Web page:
Karl`s PC Help Forums

Whom to notify about criminal attempt e-mail
scholar - 30-6-2008 at 15:59

I just got one of those notorious e-mails, purportedly from the bank, telling me to use a link to go to a web site where I am supposed to "confirm" my bank information for security purposes.

I thought I would like to give a copy of it to some law enforcement authorities, but I don't know who handles such things.

Does anyone know? (I presume it would be different for Americans than for UK or OZ.)


Dreamweaver - 30-6-2008 at 23:08

Quote:
Originally posted by scholar
I just got one of those notorious e-mails, purportedly from the bank, telling me to use a link to go to a web site where I am supposed to "confirm" my bank information for security purposes.

I thought I would like to give a copy of it to some law enforcement authorities, but I don't know who handles such things.

Does anyone know? (I presume it would be different for Americans than for UK or OZ.)


Personally I just delete them Scholar on outlook express, but my other other provider has a report spam button.

Consider them as junk mail you receive in normal postal deliveries and throw them in the trash.


Daz - 1-7-2008 at 00:27

Indeed, what Dot said...

If it was likely it was aimed personally at you, and no one else, it'd be worth persuing, but lets be honest, it went to thousands of people, if not more...

You could check somewhere like http://www.phishtank.com but I'd guess it's been listed there already...

Save your time and energy for more important tasks...!


Quaver - 1-7-2008 at 09:58

I've got tons of those, I just delete them.


John_Little - 1-7-2008 at 10:33

There used to be a system for reporting these things - run on a voluntary basis by some of the ISPs but there were so many of these things they couldn't cope and they seem to have withdrawn the service.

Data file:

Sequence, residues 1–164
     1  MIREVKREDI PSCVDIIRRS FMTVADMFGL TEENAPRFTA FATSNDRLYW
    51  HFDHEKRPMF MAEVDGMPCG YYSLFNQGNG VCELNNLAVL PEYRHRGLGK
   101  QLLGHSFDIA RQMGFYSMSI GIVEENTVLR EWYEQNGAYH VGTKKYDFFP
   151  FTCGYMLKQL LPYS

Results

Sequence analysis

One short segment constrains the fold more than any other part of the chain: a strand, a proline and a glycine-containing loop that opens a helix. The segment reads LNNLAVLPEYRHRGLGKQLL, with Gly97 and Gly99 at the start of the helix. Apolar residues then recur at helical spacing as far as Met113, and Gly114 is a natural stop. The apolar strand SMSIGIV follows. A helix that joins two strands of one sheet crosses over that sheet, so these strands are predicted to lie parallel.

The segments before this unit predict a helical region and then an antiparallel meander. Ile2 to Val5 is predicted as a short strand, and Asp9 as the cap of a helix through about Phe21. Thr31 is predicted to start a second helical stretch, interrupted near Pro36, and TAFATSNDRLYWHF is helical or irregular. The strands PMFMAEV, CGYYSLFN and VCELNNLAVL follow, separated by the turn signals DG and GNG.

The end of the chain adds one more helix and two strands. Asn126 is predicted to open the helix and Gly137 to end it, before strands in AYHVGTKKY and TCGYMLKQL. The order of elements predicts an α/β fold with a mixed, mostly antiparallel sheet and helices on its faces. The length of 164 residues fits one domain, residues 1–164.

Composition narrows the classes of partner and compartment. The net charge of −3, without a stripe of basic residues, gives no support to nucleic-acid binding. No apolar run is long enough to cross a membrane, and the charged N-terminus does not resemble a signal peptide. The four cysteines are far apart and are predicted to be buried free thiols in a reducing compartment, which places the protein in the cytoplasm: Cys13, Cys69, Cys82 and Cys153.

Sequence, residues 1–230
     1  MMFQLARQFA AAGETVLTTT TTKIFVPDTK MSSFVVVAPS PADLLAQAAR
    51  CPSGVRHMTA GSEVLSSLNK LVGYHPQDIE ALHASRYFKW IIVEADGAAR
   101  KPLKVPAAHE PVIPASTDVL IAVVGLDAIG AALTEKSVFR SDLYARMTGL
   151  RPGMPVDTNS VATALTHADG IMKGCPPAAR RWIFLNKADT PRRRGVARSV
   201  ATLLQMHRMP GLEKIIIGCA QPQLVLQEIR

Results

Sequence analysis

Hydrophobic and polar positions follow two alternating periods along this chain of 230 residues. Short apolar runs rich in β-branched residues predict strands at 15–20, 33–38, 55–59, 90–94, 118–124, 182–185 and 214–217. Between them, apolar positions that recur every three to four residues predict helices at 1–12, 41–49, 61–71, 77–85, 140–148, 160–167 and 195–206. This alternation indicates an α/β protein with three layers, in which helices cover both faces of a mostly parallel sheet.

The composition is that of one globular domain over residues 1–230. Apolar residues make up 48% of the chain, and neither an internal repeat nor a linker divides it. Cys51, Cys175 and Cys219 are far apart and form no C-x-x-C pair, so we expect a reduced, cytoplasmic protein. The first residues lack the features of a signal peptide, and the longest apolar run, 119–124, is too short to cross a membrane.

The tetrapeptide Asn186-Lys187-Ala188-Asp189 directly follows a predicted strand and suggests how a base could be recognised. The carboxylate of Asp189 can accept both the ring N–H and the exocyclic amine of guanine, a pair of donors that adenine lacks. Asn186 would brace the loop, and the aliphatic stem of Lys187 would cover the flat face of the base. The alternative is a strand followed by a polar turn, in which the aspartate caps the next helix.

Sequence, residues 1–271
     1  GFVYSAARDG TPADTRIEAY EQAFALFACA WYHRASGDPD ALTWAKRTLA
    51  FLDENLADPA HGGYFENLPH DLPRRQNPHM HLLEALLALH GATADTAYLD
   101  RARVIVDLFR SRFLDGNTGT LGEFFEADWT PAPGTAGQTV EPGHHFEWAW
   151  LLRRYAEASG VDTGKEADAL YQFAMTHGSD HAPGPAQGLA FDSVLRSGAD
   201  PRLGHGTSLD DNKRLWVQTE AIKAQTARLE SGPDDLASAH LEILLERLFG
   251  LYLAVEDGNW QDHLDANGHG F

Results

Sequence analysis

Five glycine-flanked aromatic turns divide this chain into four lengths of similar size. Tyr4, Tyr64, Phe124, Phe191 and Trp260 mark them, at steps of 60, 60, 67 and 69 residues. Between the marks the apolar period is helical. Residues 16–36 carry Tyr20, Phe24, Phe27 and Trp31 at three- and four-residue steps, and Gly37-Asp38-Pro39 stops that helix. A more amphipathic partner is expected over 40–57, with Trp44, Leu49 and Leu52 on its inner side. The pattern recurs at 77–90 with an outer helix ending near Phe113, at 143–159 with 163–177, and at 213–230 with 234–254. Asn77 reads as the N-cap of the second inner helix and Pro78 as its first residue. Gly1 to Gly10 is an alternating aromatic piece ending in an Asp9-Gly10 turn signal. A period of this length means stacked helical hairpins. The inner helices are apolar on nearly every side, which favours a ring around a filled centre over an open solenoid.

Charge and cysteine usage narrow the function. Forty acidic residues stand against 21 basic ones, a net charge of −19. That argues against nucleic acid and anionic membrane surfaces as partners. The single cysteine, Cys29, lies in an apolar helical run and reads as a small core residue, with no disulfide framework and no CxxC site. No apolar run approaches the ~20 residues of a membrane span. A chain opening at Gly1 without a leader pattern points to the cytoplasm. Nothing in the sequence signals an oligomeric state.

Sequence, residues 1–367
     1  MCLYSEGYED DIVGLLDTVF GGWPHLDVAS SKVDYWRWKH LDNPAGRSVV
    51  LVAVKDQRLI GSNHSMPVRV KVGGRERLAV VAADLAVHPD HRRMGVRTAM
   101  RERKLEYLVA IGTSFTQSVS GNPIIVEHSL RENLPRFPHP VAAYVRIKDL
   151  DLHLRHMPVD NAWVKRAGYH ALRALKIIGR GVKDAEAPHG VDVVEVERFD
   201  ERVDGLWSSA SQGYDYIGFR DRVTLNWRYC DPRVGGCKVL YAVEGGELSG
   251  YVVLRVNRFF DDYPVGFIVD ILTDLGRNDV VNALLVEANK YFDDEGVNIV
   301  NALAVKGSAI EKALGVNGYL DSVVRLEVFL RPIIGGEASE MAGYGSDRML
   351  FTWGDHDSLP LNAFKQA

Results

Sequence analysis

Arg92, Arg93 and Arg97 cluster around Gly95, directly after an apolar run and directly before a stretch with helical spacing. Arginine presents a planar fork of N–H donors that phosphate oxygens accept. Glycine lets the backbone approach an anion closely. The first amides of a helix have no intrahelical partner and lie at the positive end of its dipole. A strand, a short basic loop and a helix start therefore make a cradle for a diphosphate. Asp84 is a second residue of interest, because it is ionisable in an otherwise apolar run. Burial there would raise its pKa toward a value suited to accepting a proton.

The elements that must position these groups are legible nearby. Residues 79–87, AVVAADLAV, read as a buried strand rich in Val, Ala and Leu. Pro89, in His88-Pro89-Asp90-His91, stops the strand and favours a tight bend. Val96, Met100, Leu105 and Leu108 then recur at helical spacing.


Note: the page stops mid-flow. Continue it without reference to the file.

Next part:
You can sometimes find out what ISP they came from by using something like RIPE (although I think that's gone now too) then you could report the user to them.

But the police dont want to know. Apparently most of them come from Russia. With love.


SRD - 1-7-2008 at 10:46

And many of them come from perfectly respectable addresses (I even received one purportedly from myself shocked_yellow) that have either been hijacked or are being used as a smokescreen to get round spam filters.

Wasn't that one of the reasons T got blocked by many other ISPs a few months back?


Katzy - 1-7-2008 at 11:36

If you set filters, in something like MailWasher, you can even hide them from view.

That way, you never even see 'em. They just get automagically blatted. :D


LSemmens - 1-7-2008 at 13:01

In the first instance, if it is purportedly from a bank of whom you have knowledge, inform them, they are always interested in people purporting to be from their institution.


Daz - 1-7-2008 at 14:03

Quote:
Originally posted by LSemmens
In the first instance, if it is purportedly from a bank of whom you have knowledge, inform them, they are always interested in people purporting to be from their institution.


What could they do about it...? Very little I'd say...

Banks are fully aware of these scams, hence the reason they always tell you to never to reply to this sort of thing, and that they'd only ever contact you personally. (E.G. Email sent specifically to Mr Daz, not an open email, and they'd never ask you for any account details in an email...)


John_Little - 2-7-2008 at 11:27

I've just found this in my book marks and it still works

http://www.antiphishing.org/

That could well be worth a go.